Three weeks ago, during an exhibition game with St. Louis, Neil Johnston smashed into a wall and damaged a knee severely. Doctors predicted he would be out for most of the season. Until then there had been at least a reasonable prospect that Philadelphia would be an Eastern title contender all the way and might even beat Boston in the playoffs. The latest prognosis is considerably more optimistic, but no one can say when Johnston will be completely effective again.
Sadly, Neil would never be effective again. He managed to play in 28 games that 1958-59 season, but the mobility was gone and he averaged only six points. Al Cervi, Warriors coach in 1959, explained why he still trotted out the hobbled Johnston that year: “On one good leg, he’s better than some of the other men in this league.”
Appreciate coach sticking up for his player, but that wasn’t really true.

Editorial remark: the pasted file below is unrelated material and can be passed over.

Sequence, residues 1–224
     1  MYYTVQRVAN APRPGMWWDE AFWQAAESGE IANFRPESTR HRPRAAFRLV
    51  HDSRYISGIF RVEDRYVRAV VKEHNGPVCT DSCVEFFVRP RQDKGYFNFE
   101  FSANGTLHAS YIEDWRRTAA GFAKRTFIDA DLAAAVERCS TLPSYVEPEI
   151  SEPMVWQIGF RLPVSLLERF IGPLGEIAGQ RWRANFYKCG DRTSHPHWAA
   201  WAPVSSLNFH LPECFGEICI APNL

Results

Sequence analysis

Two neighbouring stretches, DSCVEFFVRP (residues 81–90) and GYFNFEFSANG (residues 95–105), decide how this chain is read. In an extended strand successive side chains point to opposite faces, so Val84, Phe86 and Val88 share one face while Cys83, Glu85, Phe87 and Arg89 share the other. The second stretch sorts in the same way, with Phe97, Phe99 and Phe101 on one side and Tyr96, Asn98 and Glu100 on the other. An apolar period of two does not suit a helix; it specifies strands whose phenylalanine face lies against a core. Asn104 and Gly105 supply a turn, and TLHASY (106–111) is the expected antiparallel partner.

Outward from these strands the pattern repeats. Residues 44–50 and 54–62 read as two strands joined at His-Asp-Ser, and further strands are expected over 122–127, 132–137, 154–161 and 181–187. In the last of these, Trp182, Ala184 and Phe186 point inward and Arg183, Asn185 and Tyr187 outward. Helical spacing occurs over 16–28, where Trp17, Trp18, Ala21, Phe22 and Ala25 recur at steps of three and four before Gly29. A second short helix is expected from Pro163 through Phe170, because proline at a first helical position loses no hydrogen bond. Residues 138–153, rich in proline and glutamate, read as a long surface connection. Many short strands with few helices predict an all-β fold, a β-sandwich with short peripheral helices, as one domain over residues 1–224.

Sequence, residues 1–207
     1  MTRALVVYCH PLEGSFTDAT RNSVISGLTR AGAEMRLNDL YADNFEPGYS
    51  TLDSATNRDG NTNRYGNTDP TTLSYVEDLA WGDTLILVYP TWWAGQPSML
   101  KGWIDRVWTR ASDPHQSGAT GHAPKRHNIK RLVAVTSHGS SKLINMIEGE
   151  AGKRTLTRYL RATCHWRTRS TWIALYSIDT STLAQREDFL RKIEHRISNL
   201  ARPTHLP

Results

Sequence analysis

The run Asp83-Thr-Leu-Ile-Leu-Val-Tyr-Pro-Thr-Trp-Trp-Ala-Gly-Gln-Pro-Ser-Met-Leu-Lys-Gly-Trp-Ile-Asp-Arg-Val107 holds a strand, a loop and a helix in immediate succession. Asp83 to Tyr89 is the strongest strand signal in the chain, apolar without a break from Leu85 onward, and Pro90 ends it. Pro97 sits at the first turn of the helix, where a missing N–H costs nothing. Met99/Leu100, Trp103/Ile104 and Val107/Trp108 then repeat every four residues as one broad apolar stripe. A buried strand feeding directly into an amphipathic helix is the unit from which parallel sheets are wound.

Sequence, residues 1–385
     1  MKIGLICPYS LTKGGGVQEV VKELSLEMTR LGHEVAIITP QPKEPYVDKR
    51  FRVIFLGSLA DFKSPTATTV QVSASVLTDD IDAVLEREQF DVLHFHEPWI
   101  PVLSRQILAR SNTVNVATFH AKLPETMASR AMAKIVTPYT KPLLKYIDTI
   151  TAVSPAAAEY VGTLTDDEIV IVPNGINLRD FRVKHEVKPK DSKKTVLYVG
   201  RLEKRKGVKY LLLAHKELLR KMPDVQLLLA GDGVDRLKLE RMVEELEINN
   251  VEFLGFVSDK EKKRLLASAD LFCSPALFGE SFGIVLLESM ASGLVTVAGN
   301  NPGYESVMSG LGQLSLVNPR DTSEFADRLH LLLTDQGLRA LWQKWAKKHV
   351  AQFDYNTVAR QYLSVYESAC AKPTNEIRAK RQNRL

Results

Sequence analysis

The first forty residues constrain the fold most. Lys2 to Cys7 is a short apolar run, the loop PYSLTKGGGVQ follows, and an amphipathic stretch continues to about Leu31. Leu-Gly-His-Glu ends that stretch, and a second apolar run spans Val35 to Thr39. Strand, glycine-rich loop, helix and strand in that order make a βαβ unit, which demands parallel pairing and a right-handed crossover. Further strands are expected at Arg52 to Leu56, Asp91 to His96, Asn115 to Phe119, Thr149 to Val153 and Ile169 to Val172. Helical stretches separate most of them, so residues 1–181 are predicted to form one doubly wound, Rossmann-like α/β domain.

In any case, Johnston seemed to have a premonition that his time was coming to an end. Amidst the 1958 playoffs he spoke with the Chester Times and was politely griping about the wear and tear of pro ball.
In fact, Johnston will consider himself lucky if he can continue to play pro ball up to the age of 30. He already is contemplating a degree at Temple U. with the hopes of later landing a college coaching job.
“It’s not so much the rugged schedule that really hits you hard in pro ball,” said Neil. “It’s the traveling that socks you where it hurts. Before the present season, I’ll have traveled about 30,000 miles with the team, which is more than a major baseball league club travels in a season. I can’t get the proper rest while travelling. Just can’t seem to sleep when moving. Also playing pro ball robs you of a normal routine.”
Asked if perhaps the NBA should cut down on its schedule of 72 games… Neil put it this way:
“The club owners need a lengthy schedule to meet players salaries and other overhead costs. To whittle the schedule would hurt them very much in the pocketbook.”
Fortunately, Johnston also seemed at peace with his pro career possibly coming to a close (which became a reality just a year later). He noted that pro basketball has “been good to me and I’ve enjoyed it. And, like everything else, it has its ups and downs.”